Online Gambling Advertizing Becoming Mainstream

Published Sunday, August 03, 2014 -
Online Gambling Advertizing Becoming Mainstream

Advertizing online gambling services has changed so much the operators of gambling products are not same as they once were when gambling had a reputation for being unsavory.

Marketing of online gambling products and services has reached what some critics regard as a critical mass where the gambling culture has become mainstream and therefore potentially harmful to the vulnerable and young.

The Remote Gambling Association CEO Clive Hawkswood was quoted as saying, , “there is little doubt that there is public and political concern about an apparent proliferation of gambling advertising”. Meanwhile, perception matters as much, if not more?, as reality: “The lesson we have to learn from this is that we must address not just the reality of the situation, but also the perceptions that exist.” Similar criticism has been heard across other regulated markets that allow igaming advertising on TV. Which prompts the wider question: can igaming advertising ever be part of the mainstream media landscape?  

Meanwhile the Advertizing Standards Association in the United Kingdom has been keeping adverts honest with the latest complaint against Ladbrokes being upheld as valid. The ad the ASA ruled misleading stated, ‘UP TO £500! IN FREE BETS ON LADBROKES EXCHANGE,’ with smaller, hyperlinked text stating, ‘T&Cs Apply - Click here.’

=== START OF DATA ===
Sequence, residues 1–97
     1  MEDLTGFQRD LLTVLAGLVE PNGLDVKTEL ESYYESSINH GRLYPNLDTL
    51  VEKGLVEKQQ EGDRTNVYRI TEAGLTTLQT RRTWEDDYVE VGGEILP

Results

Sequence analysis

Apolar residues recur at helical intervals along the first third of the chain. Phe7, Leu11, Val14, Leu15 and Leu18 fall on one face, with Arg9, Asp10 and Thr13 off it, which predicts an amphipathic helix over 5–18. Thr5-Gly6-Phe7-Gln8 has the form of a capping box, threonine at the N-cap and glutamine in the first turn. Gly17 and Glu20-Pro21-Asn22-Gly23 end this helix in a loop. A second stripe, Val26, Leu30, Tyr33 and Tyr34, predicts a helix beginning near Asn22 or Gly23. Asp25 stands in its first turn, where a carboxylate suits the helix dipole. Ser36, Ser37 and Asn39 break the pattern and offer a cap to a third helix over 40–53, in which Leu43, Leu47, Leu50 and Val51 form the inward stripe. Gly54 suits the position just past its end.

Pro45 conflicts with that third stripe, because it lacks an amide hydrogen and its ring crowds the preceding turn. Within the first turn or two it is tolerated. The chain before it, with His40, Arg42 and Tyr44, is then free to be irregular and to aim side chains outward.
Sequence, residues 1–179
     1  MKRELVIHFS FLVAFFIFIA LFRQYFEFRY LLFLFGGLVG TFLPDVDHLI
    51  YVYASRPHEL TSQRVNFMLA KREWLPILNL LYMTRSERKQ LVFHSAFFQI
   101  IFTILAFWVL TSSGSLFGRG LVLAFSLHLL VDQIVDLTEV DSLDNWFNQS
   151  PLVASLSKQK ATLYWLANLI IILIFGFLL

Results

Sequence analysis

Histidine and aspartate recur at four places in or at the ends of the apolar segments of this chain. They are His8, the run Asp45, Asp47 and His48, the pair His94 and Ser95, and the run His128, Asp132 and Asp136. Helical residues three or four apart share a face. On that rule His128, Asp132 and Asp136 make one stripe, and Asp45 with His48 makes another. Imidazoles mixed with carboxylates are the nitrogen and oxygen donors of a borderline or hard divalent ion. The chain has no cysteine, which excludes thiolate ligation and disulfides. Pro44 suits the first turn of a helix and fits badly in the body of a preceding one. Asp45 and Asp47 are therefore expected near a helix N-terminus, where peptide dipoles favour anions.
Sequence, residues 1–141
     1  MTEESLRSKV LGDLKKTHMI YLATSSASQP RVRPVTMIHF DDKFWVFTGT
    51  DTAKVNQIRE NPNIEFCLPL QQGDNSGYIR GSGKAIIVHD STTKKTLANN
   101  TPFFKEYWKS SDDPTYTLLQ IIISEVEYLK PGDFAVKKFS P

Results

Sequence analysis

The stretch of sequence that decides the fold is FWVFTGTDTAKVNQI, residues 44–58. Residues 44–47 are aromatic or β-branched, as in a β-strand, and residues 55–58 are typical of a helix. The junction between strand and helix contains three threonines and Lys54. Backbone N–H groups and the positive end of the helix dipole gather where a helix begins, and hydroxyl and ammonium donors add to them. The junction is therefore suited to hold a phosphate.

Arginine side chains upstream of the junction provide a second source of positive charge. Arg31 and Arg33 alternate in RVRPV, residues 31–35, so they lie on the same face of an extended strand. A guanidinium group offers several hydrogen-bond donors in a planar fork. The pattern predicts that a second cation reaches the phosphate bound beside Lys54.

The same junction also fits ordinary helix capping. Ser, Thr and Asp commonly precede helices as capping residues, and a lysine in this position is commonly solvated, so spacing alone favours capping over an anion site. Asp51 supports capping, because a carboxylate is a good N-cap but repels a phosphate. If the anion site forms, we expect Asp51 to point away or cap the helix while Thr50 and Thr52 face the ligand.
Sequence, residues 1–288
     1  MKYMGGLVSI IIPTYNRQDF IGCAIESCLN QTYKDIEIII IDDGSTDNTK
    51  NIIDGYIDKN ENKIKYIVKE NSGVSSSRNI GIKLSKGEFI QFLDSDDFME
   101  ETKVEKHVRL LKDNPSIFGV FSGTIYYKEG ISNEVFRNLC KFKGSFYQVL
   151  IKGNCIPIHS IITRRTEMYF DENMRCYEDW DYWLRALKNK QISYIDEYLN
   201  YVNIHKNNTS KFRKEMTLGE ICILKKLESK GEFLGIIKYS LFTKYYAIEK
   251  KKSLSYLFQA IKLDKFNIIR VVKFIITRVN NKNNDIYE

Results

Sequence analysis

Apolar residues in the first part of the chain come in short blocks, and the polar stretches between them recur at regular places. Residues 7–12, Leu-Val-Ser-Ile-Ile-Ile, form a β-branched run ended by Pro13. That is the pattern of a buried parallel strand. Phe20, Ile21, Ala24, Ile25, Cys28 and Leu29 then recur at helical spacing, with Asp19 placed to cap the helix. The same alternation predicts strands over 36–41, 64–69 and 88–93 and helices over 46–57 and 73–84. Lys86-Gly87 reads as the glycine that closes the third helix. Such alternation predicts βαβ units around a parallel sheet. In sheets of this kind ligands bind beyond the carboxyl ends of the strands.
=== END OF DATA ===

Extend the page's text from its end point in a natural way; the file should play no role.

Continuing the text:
The ASA commented, “We considered consumers would understand from the ad's claim... that some customers might not fulfil the requirements to receive the full £500 of free bets, but also considered that the overall impression created was that a reasonable proportion of customers would fulfil the requirements to qualify for a significant percentage of the maximum £500 of free bets, within a reasonable time frame,” Among other reasons, the Association explained,

“Because the terms and conditions did not make clear the significant extent of the monetary commitment that was entailed in qualifying for each £25 of free bets, we concluded the offer was in breach of the Code.”


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